• As a matur(ing) adult you need to learn the difference between liability and responsibility.

            No one is suggesting Jones and Rudkowski be compelled to stop their three-ring, for-profit acts.

            I think a road-side preacher should be allowed to sell snake-oil to
            dying senior citizens without interference. However, as a mature and
            responsible adult, I would personally make the choice not to provide
            said preacher lists of the senior citizens I know or float him a loan to
            get his business started.

            The Emmis Multinational Media Corporation, as a free actor, can make the choice to put people over profits and discontinue Jones’ show, which preys on the mentally infirm and feeble minded in society. However, if they want to continue making big $$$s they should also be absolutely free to continue broadcasting it. We are, similarly, free to criticize the Emmis decision.

          • Matt Staggs | Apr 24, 2013 at 4:31 pm |

            I understand the difference perfectly. I simply disagree with you.Yes, it is entirely the choice of his corporate sponsors whether or not they sponsor Jones, as it is your choice – or mine, or anyone’s – whether they listen to him or anyone else. In my opinion, you’re shifting some of the blame away from people – free actors, all – who choose to commit violent acts and placing it on the people they listen to. I understand the urge, but I also think that it’s paternalistic. I strongly oppose it. If you disagree with that, then that’s fine, Assuming a supposed lack of maturity on my part, or ignorance, or both as being the reason I don’t reach the same conclusion as you seems condescending, but that’s the problem with text: It’s easy to credit attribute malice where it may not be intended.

            EDIT: Incidentally, you may want to check your security settings. It looks like you’ve got about eight different alt-identities using the same IP address. Just a heads up.

          • A child or a mentally infirm person is not a free actor. It’s the responsibility of the mature not to enable people who take advantage of children and the mentally feeble.

            P.S. I’m logged-in from a campus lab.

          • Matt Staggs | Apr 24, 2013 at 7:52 pm |

            And who might decide who is a “mentally infirm” person? Who gets to decide who is “mature”? How do you define either? It is clear that you and I are both mature people by my own definition, and while I disagree with you regarding your perspective on these matters, I wouldn’t assume you to be a mental defective of any sort.

            I believe that you’re assuming a level of general consensus regarding what is acceptable media versus unacceptable media when in actuality all of us have our own perspectives. You and I may agree that we find this or that movie or radio program repulsive, but should we have the right to decide that others may not sample it and decide for themselves?

          • You decide for yourself. That’s what being responsible is about. If you see someone inciting the easily beguiled into irresponsible action, you make the choice – by your own initiative – not to contribute to empowering them. If you see someone selling snake oil to the elderly, you don’t give them a small business loan. If you see someone running a money-making scam that takes advantage of GED grads by whipping them into hysteria, you don’t give them a stage.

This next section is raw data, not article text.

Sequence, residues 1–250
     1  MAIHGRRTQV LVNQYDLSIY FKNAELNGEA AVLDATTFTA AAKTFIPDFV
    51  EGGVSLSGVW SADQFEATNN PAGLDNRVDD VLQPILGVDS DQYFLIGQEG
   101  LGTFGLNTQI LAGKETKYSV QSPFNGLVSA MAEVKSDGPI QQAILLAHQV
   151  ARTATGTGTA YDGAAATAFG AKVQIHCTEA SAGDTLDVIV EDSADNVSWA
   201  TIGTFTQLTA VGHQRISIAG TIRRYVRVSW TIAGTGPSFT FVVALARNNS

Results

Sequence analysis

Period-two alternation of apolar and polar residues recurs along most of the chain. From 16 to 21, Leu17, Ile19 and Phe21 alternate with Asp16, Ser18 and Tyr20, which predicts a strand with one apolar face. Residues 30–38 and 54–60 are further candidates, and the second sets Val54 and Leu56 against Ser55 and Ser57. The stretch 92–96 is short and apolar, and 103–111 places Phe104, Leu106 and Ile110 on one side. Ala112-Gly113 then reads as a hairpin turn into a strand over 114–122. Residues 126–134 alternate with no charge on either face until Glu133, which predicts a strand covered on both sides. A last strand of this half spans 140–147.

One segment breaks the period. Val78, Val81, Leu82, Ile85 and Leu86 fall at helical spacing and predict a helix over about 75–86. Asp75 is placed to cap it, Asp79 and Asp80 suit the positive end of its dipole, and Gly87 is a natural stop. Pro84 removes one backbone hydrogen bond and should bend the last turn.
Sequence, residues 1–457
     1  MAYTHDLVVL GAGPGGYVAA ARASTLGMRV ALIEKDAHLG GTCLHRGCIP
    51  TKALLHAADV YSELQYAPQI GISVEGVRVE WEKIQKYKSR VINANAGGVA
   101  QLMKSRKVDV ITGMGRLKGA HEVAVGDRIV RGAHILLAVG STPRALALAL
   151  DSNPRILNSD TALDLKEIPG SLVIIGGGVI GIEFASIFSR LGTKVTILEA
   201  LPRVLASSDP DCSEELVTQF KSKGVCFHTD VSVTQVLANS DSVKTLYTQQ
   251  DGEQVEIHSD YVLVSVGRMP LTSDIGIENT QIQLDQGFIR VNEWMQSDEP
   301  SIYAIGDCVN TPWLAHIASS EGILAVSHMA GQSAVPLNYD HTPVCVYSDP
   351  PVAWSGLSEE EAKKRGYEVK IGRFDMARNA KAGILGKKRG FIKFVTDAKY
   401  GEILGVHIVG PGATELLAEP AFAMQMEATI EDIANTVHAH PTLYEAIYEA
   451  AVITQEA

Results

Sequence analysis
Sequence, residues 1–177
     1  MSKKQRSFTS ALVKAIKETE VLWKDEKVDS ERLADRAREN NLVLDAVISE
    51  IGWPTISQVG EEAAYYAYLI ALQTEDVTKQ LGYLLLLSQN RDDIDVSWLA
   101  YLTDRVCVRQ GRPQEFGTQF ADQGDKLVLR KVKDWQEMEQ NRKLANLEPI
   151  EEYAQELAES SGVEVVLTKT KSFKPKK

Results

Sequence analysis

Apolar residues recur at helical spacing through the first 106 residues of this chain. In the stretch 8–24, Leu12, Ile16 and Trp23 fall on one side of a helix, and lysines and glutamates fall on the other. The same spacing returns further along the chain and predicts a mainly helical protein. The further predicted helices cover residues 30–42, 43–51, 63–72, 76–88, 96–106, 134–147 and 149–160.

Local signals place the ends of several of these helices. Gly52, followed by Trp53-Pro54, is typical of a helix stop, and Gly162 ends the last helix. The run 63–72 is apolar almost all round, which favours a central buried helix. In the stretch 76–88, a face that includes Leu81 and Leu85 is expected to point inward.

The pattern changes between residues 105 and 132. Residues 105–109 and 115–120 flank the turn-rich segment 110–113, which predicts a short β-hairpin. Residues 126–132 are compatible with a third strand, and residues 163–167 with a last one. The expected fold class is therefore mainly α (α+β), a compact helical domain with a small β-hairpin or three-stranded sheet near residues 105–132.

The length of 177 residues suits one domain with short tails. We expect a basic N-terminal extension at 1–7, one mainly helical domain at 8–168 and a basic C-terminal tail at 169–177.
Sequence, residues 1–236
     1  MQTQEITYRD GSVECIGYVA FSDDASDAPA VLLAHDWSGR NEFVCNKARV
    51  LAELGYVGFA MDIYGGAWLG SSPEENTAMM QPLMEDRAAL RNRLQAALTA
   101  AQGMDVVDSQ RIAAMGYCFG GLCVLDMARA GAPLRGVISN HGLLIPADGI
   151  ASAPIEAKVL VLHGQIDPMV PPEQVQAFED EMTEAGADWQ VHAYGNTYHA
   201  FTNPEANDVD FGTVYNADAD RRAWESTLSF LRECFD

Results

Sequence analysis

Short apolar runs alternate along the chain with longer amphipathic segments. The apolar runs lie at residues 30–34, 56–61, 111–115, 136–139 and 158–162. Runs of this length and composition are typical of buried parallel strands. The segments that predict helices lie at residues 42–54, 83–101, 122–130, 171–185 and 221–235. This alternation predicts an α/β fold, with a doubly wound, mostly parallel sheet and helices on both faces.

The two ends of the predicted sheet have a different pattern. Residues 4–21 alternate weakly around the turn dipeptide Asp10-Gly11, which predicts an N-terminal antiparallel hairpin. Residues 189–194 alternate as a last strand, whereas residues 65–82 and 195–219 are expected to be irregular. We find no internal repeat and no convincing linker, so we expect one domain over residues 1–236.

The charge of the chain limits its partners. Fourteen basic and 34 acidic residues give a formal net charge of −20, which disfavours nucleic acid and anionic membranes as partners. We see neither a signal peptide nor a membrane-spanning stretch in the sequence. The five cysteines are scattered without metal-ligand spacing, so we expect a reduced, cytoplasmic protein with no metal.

You seem to think I’m advocating Alex Jones be “shut down” or government stormtroopers raid his studio. For the third time, I’m suggesting nothing of the sort.

          • Matt Staggs | Apr 24, 2013 at 8:16 pm |

            “It matters because people like Jones and Rudkowski spin a knowingly
            fictional narrative for personal profit, preying on the poorly educated
            and feeble minded. They should not be held legally liable, of course,
            but absolutely morally liable.”

            I disagree that Jones is responsible in any way for this incident. I don’t think that you mean a government agency should intervene here, but I do think that you’re making some dangerous assumptions regarding who is mature or educated enough to make their own decisions without someone else making it for them. You’re advocating something like that in a round-about way, particularly so in Jones’ case. I may be reading you wrong, though. Could be. I get the sense that we clearly understand each others’ positions and that we disagree. That’s perfectly fine. I respect your opinion.

          • I would challenge you to point out where I said people need to have decisions made for them.

            You seem to think I’m advocating Alex Jones be “shut down” or government stormtroopers raid his studio. For the fourth time, I’m suggesting nothing of the sort.

            You see a mentally ill person, you can grab him and put him in an institution, leave him alone or walk over and hand him a gun. I’m suggesting we leave him alone. You’re suggesting we need to hand him a gun so he has the full range of options of what to do next.

            The choice is proactive positive, neutral or proactive negative. I’m choosing netural, you’re choosing proactive negative. That’s just as bad as proactive positive.

          • Matt Staggs | Apr 25, 2013 at 12:10 pm |

            “It’s the responsibility of the mature not to enable people who take advantage of children and the mentally feeble.”

            No, you’re framing choices in this manner, and your “giving guns to the mentally ill” is a ridiculously constructed straw man argument…. unless you’re talking about some kind of Idea Gun.

          • ishmael2009 | Apr 24, 2013 at 8:07 pm |

            Define “mentally infirm” It sounds to me like you are defining it by the type of media people visit and the views they hold. Give us a definition, rather than some dubious “catch-all” phrase.

          • The alt id’s are sockpuppets.

          • TennesseeCyberian | Apr 24, 2013 at 5:39 pm |